- A History of the African American People by Strom Thurmond (Part 2)
In our previous issue, readers were privy to an exchange of letters pertaining to the publication of A History of the African American People, by Strom Thurmond.
Our correspondents include:
• Barton Wilkes, self-professed Junior Adviser and Intern to the Honorable Strom Thurmond
• Martin Snell, an editor at Simon & Schuster
• R. Juniper McCloud, B.A. (English), New York University, 2001, Snell’s assistant
• Percival Everett, Senator Thurmond’s black alibi, a minor novelist and reluctant ghostwriter
• James R. Kincaid, an English professor, Engels to Everett’s Marx, the other ghostwriter
Minor (possibly imaginary) characters include:
• Vendetti, Snell’s colleague at Simon & Schuster, who may or may not be Italian
• Reba McCloud, R. Juniper’s sister, a beautiful onanist
• Mrs. McCloud, matriarch of the McCloud clan, the subject of much speculation
• “That student” pressing charges against Mr. Kincaid
• The Venerable, Honorable Strom Thurmond of South Carolina, the seniorest senator in the history of the U.S. Senate
As we rejoin the paper trail, a pair of ghostwriters retained by the publisher discuss what on earth they’ve gotten themselves into.
October 7, 2002 FROM THE DESK OF PERCIVAL EVERETT
Didn’t you have some other project you were working on? One of those Victorian writers or something? Maybe you should keep that alive, vary your interests some. There is such a thing as overdedication, you know.
All things will come to us if we wait. [End Page 68]
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[End Page 69]
I sure don’t want to rush Strom.He can’t stand much rush, is my guess. Wouldn’t want to be responsible for killing him—not directly responsible.
So just hang tight. They’ll send us some stuff when they’re ready.
Did you see that student who lodged the complaint about you? Just be sure you have a witness when you talk with her, and don’t threaten her or anything.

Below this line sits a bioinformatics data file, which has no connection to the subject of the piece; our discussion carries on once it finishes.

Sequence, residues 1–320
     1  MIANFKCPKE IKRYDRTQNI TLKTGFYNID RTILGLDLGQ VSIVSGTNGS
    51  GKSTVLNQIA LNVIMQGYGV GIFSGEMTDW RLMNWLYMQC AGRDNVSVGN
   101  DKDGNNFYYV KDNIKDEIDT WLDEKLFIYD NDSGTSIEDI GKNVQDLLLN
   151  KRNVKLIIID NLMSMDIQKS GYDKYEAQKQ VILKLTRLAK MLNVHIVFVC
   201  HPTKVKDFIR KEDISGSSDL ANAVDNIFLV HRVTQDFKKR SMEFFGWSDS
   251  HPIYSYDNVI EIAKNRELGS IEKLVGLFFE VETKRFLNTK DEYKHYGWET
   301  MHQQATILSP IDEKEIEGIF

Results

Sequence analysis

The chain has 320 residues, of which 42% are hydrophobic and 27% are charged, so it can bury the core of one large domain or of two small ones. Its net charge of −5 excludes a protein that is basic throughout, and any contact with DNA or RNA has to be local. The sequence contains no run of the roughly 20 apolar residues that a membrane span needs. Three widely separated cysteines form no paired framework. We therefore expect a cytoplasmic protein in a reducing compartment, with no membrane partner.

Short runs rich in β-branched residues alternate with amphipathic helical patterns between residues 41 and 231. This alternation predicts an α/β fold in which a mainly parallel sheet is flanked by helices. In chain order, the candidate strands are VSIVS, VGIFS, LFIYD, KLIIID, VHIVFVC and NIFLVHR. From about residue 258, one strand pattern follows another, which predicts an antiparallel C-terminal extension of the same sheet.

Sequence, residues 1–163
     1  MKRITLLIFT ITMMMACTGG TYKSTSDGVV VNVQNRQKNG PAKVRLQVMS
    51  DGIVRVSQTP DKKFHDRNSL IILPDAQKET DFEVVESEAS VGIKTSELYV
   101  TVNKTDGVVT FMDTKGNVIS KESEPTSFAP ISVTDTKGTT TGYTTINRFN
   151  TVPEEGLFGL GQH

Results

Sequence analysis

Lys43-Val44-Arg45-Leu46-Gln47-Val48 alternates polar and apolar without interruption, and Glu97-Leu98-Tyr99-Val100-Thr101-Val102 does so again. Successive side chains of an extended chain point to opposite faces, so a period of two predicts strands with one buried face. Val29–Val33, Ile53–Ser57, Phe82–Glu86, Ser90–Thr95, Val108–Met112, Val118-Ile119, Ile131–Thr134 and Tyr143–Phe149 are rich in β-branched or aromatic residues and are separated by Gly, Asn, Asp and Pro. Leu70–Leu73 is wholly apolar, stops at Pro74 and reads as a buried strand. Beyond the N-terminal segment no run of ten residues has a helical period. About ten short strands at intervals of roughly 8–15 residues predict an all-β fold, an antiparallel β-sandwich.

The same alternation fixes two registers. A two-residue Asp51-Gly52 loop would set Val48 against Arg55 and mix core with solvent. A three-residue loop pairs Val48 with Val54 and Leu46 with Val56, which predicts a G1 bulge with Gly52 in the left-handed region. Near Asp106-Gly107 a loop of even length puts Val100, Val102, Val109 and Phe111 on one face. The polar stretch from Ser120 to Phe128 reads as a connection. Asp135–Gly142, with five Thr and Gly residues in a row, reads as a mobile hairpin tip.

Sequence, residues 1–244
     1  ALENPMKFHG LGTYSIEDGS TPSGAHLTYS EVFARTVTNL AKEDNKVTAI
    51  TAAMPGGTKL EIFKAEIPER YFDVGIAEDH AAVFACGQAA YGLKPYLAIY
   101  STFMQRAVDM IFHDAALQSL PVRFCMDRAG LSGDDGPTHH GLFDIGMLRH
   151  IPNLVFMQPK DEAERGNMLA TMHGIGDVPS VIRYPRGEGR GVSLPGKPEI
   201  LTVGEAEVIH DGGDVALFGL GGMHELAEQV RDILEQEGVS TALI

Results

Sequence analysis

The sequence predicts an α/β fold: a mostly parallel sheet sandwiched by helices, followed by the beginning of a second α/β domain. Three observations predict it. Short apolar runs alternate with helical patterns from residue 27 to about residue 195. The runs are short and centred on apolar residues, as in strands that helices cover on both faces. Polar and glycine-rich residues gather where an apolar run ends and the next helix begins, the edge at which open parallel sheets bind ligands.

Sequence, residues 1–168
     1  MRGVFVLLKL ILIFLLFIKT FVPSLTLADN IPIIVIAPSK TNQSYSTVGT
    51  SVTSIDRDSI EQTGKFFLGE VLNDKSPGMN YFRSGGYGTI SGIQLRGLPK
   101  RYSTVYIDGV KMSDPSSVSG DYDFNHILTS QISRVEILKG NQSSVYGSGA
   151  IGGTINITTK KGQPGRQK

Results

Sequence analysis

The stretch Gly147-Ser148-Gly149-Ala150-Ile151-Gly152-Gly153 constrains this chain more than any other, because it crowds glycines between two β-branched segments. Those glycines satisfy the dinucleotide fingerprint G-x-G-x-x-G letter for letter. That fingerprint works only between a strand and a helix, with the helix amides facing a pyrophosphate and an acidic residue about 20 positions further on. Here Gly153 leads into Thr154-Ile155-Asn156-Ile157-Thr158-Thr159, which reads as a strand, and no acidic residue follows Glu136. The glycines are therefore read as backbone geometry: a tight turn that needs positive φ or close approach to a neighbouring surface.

October 7, 2002
The company does not have a Halloween party, but that does not mean parties are disallowed or anything.What do you say?
As for Wilkes, tell me more fully what you told him about masturbating. I don’t see how I can help unless I have all the details. If you’d rather not share with me, fine, but I must say I don’t know why you would share something with Wilkes, whom you’ve never met, and withhold it from me, who is close to you in terms of where our offices are—if in no other way, though I rather thought . . . never mind.
When is he visiting?
Perhaps you could meet him halfway. Do your parents live about halfway? That’d be one plan. Meet him at your parents’ place. Are your parents still alive?
Remember, the idea is for you to find out about Wilkes, not vice versa. I thought I had made that clear. You wouldn’t want to go half-time with Vendetti, would you?
October 14, 2002
To: Percival Everett and James Kincaid (one copy each)
From: Barton Wilkes
I figured it was best to send a copy of everything to both of you. That way, it wouldn’t look as if I were favoring one of you over the other. Also, it wouldn’t look as if I gave a damn what your internal relations might be. Just so long as you produce results that meet the Senator’s demands, I don’t care if you are mortal enemies, lovers, locked in a custody battle, contenders for the light-heavyweight crown, married, operating an auto parts store together, or father and daughter. I’m both easy with and indifferent to your workings, writerly and otherwise.
Here are some historical materials that the Senator plans to use.
What he’d like you to do is write them up as you plan to write things up, just so he can see how you do things.
These are very short snippety things, just so he can see.You understand.
So please write...